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Roy HadleyAdams and Reese Special Counsel Roy Hadley’s article “Time For Lawyers to Become Prompt Scientists – How AI is Being Immersed into the Legal Practice” was published in the LexisNexis July 2023 issue of Mealey’s Litigation Report: Cyber Tech & E-Commerce.

Hadley discusses that AI is not new to the legal profession, but with the advent of generative AI, it has become the new “it” thing” and these advances in technology can enhance the efficiency of lawyers and in law firms, just like E-Discovery improved the litigation process years ago.

He said the legal industry will see improved efficiencies in accounting and billing department assistance; document drafting, review, and other routine data-intensive, legal tasks that could help save law firms time, money, and staffing, and also increase response times to clients for these tasks. AI programs will be able to identify relevant information, recognize mistakes, and spot inconsistencies within a faster time frame than humans. It also eliminates the monotony involved in these tasks.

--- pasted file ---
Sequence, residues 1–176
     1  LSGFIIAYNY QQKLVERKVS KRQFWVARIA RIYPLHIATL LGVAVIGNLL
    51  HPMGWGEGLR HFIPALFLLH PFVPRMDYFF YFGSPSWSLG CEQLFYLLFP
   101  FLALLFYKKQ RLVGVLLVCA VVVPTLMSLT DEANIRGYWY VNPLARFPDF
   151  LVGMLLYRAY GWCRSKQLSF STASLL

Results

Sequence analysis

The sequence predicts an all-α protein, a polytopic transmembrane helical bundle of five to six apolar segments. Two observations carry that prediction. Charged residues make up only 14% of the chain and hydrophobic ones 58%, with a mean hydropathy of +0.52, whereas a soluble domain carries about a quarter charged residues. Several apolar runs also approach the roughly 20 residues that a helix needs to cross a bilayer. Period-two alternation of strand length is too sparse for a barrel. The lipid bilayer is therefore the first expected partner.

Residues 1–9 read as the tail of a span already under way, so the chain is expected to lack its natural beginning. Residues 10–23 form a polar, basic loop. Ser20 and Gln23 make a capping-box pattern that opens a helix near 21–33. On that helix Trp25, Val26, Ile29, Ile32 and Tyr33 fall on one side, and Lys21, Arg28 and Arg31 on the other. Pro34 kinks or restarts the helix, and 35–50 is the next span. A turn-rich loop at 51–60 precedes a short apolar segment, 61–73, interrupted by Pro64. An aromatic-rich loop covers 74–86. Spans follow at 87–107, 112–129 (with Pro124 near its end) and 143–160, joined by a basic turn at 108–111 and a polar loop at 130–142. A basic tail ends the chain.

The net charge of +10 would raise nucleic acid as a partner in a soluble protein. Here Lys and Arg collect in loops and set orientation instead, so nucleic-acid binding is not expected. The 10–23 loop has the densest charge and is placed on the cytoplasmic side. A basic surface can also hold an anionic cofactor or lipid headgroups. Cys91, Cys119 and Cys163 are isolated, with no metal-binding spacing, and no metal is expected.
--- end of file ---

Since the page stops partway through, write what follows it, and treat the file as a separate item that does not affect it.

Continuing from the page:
AI programs will assist in legal research of case law and various state and federal statutes, or comparisons of similar cases and subject matter, analyzing decisions made in different venues. They will assist in contract and legal document drafting, analysis, review, and proofreading; background for article writing and industry thought leadership content; and attorney time entry; among other matters, Hadley added.

“As generative AI becomes more mainstream and integrated into applications, lawyers will quickly learn to evolve into better “prompt scientists” – the more specific question and prompt you can deliver to these AI programs, the more sophisticated and detailed response, and better output, you will receive,” writes Hadley. “We will learn how to manipulate these programs into delivering the answers and content we desire.”

At Adams and Reese, Hadley is an advisor and attorney to high-growth businesses, governments, educational institutions, and family/closely held businesses on complex corporate transactions, particularly those involving technology, cybersecurity, artificial intelligence, economic development, telecommunications, outsourcing, and intellectual property. He is a frequent speaker, lecturer, and author on privacy, cybersecurity, and data management, and also issues and legal concerns affecting educational institutions. He also serves as the Adams and Reese HBCU/MSI Team Leader.